Ohio-based J.M. Smucker Co. filed a $10 million lawsuit Wednesday against Nestle S.A. and Nestle USA, alleging copyright infringement of its trademark checkered pattern that the later company allegedly use to sell baby food products in Puerto Rico.
In the 19-page document, J.M. Smucker claims Nestle “attempt[ed] to deceive the public and trade off the substantial goodwill” it has created through the familiar gingham design it has been using to identify its products since 1975.
J.M. Smucker stated it picked up on Nestle’s alleged infringement in the Spring, when it became aware that the latter company was manufacturing, distributing, and selling baby food products in Mexico that feature packaging that is nearly identical to its own. In October, the company filed an administrative action with the Mexican Institute of Industrial Property alleging that Nestlé S.A.’s use of such packaging violates Smucker’s longstanding rights to it.
“Yet despite of knowledge of Smucker’s exclusive rights in and to the Smucker marks and Smucker trade dress, [the] defendants now are manufacturing, distributing, and selling baby food products in Puerto Rico that feature packaging that is nearly identical to the Smucker trade dress, including elements that are nearly identical to the Smucker marks,” the plaintiff stated.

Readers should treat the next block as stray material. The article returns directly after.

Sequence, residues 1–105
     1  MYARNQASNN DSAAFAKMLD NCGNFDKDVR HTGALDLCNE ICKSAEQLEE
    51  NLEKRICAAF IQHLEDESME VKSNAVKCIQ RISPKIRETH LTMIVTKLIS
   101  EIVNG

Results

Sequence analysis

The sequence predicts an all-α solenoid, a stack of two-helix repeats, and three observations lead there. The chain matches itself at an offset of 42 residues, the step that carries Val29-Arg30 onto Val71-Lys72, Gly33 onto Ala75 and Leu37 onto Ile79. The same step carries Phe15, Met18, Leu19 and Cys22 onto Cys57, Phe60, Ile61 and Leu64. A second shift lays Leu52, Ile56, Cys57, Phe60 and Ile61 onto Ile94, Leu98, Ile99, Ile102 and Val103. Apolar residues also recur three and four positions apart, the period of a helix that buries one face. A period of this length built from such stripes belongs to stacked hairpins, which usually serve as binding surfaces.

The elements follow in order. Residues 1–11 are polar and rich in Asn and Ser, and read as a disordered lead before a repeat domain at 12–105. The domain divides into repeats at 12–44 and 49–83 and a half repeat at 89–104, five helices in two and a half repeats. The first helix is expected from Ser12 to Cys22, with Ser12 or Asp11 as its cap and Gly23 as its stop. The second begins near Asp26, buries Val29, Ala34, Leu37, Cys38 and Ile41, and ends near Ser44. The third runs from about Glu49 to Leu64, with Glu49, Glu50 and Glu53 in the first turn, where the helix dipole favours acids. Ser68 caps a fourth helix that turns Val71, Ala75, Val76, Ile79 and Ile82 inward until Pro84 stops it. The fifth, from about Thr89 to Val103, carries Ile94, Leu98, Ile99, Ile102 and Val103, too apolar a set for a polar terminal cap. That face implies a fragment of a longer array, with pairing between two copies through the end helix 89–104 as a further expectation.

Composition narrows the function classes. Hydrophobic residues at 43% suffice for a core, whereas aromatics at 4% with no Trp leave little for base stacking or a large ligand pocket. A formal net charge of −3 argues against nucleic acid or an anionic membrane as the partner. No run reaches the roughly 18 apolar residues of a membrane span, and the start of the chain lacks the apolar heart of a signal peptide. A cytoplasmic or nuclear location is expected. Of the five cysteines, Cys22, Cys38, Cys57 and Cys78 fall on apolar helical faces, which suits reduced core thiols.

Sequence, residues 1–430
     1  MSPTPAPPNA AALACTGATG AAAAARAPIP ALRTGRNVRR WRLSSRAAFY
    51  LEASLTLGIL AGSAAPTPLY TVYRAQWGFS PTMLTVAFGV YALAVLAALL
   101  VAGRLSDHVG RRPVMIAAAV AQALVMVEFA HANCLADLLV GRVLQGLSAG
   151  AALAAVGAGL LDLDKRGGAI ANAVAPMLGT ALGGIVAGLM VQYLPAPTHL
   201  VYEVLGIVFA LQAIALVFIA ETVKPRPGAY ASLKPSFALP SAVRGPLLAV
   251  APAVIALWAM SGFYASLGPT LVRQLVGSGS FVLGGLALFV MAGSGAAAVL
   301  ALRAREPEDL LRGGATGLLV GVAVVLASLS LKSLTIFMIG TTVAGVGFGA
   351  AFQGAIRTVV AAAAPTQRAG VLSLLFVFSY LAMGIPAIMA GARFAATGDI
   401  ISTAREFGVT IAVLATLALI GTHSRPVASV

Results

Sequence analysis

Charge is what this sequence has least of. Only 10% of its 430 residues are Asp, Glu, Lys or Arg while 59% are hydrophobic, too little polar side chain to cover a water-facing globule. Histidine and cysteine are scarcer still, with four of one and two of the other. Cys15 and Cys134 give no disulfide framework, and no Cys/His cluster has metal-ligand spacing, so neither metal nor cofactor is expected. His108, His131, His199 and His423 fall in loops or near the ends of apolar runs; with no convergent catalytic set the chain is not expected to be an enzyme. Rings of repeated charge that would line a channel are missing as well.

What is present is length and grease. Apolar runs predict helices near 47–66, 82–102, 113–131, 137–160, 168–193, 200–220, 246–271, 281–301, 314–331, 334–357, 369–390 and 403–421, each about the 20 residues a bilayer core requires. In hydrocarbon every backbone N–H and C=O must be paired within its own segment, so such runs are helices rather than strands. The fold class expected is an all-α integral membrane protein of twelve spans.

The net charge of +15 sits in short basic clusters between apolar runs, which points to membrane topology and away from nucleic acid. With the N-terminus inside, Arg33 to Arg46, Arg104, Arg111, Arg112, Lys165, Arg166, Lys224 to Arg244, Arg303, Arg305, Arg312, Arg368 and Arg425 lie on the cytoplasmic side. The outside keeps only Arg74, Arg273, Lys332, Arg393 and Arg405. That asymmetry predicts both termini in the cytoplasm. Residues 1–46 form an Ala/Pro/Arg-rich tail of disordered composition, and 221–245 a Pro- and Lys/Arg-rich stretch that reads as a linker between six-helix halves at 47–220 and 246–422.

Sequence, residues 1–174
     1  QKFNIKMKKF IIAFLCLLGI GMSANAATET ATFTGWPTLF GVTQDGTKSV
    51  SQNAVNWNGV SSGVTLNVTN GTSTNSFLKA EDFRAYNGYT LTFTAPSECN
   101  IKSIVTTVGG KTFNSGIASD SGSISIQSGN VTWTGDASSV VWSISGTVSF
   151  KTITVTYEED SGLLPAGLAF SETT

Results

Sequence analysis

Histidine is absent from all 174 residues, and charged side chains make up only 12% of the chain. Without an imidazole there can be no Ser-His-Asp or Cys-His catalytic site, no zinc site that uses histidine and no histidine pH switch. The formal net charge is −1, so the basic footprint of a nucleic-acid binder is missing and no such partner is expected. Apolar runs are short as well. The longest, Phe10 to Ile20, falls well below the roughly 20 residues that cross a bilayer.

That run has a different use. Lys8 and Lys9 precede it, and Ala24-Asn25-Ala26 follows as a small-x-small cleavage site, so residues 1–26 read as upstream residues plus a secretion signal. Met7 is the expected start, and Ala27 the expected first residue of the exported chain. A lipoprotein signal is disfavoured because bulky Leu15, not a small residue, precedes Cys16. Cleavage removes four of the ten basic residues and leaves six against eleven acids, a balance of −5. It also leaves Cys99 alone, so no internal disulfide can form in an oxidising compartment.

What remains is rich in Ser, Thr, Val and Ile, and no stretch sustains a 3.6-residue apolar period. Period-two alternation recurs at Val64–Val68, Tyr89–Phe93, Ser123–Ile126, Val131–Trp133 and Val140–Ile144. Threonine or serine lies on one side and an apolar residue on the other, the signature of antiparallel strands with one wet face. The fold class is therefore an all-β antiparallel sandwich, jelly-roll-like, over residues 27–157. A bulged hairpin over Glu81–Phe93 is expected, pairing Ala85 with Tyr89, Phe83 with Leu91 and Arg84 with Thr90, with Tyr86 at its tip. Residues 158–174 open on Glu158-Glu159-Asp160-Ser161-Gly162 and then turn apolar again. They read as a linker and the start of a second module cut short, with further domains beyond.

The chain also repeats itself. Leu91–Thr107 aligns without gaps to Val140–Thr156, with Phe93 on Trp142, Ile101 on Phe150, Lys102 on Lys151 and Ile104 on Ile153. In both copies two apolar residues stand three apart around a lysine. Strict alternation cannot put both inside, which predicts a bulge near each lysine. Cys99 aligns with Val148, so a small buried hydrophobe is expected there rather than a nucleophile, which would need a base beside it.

“Smucker will be irreparably harmed if the Defendants are permitted to continue their use of the Smucker marks and the Smucker trade dress in connection with their sale of baby food products,” the company claimed.
J.M. Smucker claims Nestle’s actions are causing it damages “in an amount that is not presently ascertainable.” However, it said it would seek at least $10 million to offset the losses.
The company has asked for a trial by jury.